We can make it easier on the next generation. Parents can do their part by encouraging their children to try a wide variety of activities, and by not expressing surprise when a child of the “unexpected” gender is enrolled in those activities. Teachers and program administrators can also do a lot to make their classes gender inclusive.

We should all also remain aware that gender is not as clear-cut and binary as we were raised to believe. Any child in a class may not identify as the gender they were assigned at birth. Some transgender people don’t recognize this until adulthood. But some very young children have already figured out that they don’t fit the typical definition of “boy” or “girl.” It’s even harder for them to go into environments where assumptions are made about who belongs there, and who can participate based on gender labels. By making our cultural assumptions about gender more fluid, we make it easier for these children to find their place in the world. (More on gender identity: https://gooddayswithkids.com/2018/05/02/gender-identity/)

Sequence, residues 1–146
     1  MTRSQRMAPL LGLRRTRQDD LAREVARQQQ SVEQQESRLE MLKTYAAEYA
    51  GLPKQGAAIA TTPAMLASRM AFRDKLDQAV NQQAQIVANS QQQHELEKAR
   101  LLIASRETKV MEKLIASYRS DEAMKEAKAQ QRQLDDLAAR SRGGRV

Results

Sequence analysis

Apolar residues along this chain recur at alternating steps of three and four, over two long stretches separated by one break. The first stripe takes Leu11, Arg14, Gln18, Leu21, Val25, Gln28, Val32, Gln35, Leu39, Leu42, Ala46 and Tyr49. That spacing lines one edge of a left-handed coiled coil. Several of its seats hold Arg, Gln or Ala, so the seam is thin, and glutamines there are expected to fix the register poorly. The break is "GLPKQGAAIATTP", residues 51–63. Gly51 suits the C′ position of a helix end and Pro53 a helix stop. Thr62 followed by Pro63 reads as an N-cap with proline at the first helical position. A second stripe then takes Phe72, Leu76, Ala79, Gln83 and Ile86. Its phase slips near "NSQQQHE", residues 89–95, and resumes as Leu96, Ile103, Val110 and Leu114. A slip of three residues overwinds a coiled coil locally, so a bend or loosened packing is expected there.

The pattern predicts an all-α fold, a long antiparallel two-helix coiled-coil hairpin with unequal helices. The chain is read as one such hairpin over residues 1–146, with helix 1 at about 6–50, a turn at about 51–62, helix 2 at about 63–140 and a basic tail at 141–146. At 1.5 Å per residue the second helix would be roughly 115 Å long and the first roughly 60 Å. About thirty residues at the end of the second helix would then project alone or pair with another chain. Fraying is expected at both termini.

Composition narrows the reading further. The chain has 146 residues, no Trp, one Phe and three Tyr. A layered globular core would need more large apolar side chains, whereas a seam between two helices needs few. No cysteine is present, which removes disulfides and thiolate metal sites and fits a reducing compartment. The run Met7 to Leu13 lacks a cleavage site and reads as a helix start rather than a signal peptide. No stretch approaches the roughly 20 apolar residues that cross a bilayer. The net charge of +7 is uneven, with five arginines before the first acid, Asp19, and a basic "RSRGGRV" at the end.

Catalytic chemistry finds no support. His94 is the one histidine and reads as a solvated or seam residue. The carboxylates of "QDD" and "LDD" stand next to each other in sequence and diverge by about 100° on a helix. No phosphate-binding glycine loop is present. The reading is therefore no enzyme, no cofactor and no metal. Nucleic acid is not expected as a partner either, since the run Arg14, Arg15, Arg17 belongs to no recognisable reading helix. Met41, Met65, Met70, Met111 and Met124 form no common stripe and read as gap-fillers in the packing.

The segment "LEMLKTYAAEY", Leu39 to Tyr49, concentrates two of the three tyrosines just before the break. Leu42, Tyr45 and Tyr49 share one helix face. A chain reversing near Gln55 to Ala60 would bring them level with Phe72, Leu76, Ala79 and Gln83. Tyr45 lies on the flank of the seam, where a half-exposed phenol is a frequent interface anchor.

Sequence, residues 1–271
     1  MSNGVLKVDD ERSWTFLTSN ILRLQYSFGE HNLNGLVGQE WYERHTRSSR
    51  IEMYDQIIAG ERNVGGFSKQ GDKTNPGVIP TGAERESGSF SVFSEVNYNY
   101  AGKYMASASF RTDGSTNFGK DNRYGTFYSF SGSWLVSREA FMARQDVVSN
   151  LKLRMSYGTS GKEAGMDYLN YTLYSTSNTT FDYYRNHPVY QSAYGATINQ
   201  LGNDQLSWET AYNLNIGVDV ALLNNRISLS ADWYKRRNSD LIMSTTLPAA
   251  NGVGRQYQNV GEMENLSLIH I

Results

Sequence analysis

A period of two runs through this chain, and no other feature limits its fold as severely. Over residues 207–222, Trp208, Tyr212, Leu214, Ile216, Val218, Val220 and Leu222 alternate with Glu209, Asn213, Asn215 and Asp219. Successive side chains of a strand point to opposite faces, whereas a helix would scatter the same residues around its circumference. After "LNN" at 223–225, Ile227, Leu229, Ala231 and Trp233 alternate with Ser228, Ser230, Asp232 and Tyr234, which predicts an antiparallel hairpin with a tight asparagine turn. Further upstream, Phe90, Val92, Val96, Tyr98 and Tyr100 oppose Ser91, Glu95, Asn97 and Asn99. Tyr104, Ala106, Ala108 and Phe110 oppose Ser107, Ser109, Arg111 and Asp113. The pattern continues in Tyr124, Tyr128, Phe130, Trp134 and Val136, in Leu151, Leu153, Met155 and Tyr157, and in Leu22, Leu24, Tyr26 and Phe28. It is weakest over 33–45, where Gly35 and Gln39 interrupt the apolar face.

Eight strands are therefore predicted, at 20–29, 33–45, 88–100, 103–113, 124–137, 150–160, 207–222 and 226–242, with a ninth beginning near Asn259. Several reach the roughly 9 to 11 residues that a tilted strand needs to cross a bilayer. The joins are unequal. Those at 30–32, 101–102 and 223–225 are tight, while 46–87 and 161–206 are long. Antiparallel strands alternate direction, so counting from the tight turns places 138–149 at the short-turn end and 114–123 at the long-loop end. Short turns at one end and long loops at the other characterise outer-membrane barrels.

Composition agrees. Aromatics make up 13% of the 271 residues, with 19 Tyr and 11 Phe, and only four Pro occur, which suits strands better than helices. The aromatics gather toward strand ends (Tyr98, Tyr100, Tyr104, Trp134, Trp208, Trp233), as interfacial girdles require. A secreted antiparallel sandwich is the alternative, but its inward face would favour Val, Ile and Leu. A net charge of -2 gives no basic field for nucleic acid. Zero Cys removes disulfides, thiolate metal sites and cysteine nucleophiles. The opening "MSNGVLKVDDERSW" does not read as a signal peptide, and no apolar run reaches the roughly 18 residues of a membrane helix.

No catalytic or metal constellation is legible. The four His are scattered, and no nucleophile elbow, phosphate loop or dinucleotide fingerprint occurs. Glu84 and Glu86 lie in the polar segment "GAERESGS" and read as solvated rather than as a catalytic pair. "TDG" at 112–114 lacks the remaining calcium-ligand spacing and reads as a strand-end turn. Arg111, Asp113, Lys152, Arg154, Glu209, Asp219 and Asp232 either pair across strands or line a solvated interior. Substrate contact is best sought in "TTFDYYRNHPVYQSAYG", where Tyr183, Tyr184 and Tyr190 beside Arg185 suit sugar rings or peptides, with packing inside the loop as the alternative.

Just for the fun of it, I’ll conclude this post with a pointer to a playlist I’ve made on YouTube called Boys Can Dance, which features dances from Billy Elliot, West Side Story, Singing in the Rain, and lots more. https://www.youtube.com/watch?v=iOuZuAGvMRg&list=PLsMLXfBPSxoEF6nPQj13QjvAX-I53Ob2R  Or, if you’d like a little more modern / urban / less Broadway, check out the League of Extraordinary Dancers: https://www.youtube.com/watch?v=qVZyfsaKPS4&list=PLTXGCzZ9AAzPhEM_y-vudz1GbwsMhVL_0